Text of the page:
A Glimpse Into Cymbeline Backstage

August 16, 2017

 

 

One of the ideas that we promote at Pigeon Creek, is that the work an acting company does back stage is just as important as the work that happens on stage. Oscar worthy performances can be ruined if, for example, a set piece doesn’t get placed in time, there is distracting noise coming from behind the curtains, or an important sound cue is totally missed. In other theaters, there is a crew of “techies” that handle a lot of that work. But as an original practices company, all the backstage work is actor driven. So in addition to all of our regular work as actors, we also handle all of the sound cues, set and costume changes, and any other “tech” work that needs to be done. Some shows have more tech than others, but it is essential that, to the audience, it always appear seamless. Today I’d like to walk you through a little bit of my backstage work with “Cymbeline.”

 

We typically arrive at the theater an hour and a half ahead of show time. I prefer to arrive a little bit earlier if my day allows. The more time I have to prepare, the better. If I rush myself too much I’m likely to forget an essential part of my preparation. My ideal would be two hours prior to show time, but sometimes that’s a luxury. Usually the first thing I do is relax a bit. I’ll talk with the other actors who have arrived, discuss anything weird that happened in the previous show that might need to be adjusted, and maybe eat. I know a number of actors who don’t like to eat before a show. But I’d much rather act on a full stomach than an empty one.

 

A few minutes before call (the official time we are required to be at the theater.) I’ll take my personal stuff downstairs and change into my tights and show shoes. Putting on tights (for me at least) takes a little bit of time, and I like to wear my show shoes for a while before performing. Once we hit call, we have a brief warm up and then a fight call. A fight call is where we run all of the bits of combat or complex physical business to make sure we stay sharp. After that, the cast disperses to get ready for the show. Because I’m playing a woman, and wearing clothes and make-up that I am unaccustomed to, it takes me a little bit longer to get ready than usual. But that’s ok with me. I’m usually dolled up just in time to go on stage for our pre-show music.

 

Ours leads directly into the first scene, and I’m in that scene. So after I finish the song, I rush backstage set my guitar down and zip back onstage for my first scene. After that I’ve got a little bit of down time. Usually at this point I move around a little backstage making sure instruments are in place for when they are needed later in the play. I’m fortunate that in the first half of the play I don’t change costume at all. I’ve got five scenes in the first half all as the same character, and five scenes in the second act. Every scene in the second act I’m a different character, so I run around a bit more then.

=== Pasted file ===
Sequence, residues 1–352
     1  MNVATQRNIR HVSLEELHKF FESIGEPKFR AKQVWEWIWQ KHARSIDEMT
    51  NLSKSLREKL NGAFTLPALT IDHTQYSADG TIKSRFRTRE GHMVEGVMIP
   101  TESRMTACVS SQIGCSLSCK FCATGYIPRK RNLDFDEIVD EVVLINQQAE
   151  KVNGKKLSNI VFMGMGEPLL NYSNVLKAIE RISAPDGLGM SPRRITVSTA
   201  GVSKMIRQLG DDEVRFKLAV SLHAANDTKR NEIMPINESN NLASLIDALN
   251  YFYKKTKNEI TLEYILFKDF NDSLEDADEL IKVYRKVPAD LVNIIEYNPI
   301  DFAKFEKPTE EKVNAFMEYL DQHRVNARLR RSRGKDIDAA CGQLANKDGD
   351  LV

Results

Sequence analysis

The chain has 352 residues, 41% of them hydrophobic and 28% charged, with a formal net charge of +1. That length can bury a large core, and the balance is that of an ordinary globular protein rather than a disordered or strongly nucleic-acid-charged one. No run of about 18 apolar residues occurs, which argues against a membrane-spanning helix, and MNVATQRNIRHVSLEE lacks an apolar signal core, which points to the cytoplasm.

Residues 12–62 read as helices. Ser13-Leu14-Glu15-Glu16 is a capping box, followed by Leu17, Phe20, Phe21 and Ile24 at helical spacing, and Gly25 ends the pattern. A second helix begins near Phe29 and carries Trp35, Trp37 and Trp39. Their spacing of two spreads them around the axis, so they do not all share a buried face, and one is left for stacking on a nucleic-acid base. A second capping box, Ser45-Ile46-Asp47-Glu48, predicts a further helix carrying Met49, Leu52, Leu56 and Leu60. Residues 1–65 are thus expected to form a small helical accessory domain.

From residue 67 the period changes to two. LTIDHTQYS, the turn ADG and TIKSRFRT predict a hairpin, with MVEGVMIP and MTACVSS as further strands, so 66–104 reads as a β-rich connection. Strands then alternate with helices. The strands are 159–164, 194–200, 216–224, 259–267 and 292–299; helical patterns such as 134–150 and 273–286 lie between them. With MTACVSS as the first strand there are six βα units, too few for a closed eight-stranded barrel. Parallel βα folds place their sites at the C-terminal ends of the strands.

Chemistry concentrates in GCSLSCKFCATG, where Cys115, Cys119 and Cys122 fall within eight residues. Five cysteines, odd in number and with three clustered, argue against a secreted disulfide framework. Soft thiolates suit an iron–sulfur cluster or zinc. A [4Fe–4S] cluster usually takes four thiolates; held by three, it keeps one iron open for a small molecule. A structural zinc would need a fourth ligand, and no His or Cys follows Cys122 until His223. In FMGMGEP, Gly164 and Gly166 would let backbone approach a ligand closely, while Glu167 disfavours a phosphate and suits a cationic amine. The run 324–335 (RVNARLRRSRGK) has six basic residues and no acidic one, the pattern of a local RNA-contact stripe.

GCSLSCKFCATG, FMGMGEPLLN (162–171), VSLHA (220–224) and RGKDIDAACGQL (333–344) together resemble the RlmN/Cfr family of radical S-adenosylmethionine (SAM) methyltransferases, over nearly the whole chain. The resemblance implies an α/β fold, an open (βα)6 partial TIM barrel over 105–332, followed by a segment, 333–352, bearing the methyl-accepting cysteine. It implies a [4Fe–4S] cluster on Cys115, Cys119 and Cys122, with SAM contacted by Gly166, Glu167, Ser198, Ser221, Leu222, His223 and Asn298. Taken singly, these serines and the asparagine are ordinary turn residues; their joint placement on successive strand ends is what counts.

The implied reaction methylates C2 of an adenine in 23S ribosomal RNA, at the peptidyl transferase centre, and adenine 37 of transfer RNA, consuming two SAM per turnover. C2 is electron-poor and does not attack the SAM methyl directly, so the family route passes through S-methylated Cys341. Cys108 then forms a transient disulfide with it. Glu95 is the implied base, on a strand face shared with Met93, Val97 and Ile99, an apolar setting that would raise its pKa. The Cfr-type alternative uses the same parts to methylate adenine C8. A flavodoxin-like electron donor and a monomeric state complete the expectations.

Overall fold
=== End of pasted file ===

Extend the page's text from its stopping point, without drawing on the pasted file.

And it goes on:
After my second scene I’ve got a little bit more time, but during this break I have a few sound cues to cover scene transitions. The first cue is to get the set on, then I hang out with my guitar backstage while I wait for the cue to get the set off stage. After I do that, I need to set my guitar down and help Imogen (Brooke Heintz) get back into her corset, which she had taken off for a scene. Iachimo (Sarah Stark) and I rush to lace her back up before I have to enter for my third scene.

 

After my fourth scene I hand out just behind our curtains for two quick pages. The script calls for a “cave entrance,” so we prop open one side of our center curtain so that the actors have to duck to get through it. It’s my job to open and close it at the appropriate time.

 

After my last scene in the first act, I ring the intermission bell and get ready for the busiest part of the play for me. During intermission I help to get instruments set up and tuned for the two pieces we perform. I’m usually doing that up until a few moments we go on stage. After we perform the second song, I rush backstage to start a hectic chain of things I have to do, one immediately following the other:

 

1.) Take off my make-up and change into my soothsayer costume

2.) Grab my costumes for the two other characters I play in the second act.

3.) Pick up my guitar to play for a song that two characters sing on stage

4.) Go on stage as a soothsayer

5.) After I exit, change into my second character of the act

6.) Drum cue for a scene on stage

7.) Go on stage for some combat, as soon as I exit I take over drumming so someone ELSE can fight

8.) Go on stage for a scene

9.) Rush off stage to change into my third character of the act, this is my fastest change.

 

After Act 5, Scene 4, I have my longest break of the evening. I spend a good deal of this time putting away costumes and props I no longer need, and changing back into my soothsayer costume for the last scene of the play.

 

I’m fortunate that I never have to change into or out of my Queen costume quickly. And I’m also fortunate that this play isn’t as hectic as others that I’ve done. But in the end, I prefer it. Even at it’s most hectic, it’s still a fun way to say involved and focused on the play and the story we’re telling.

 

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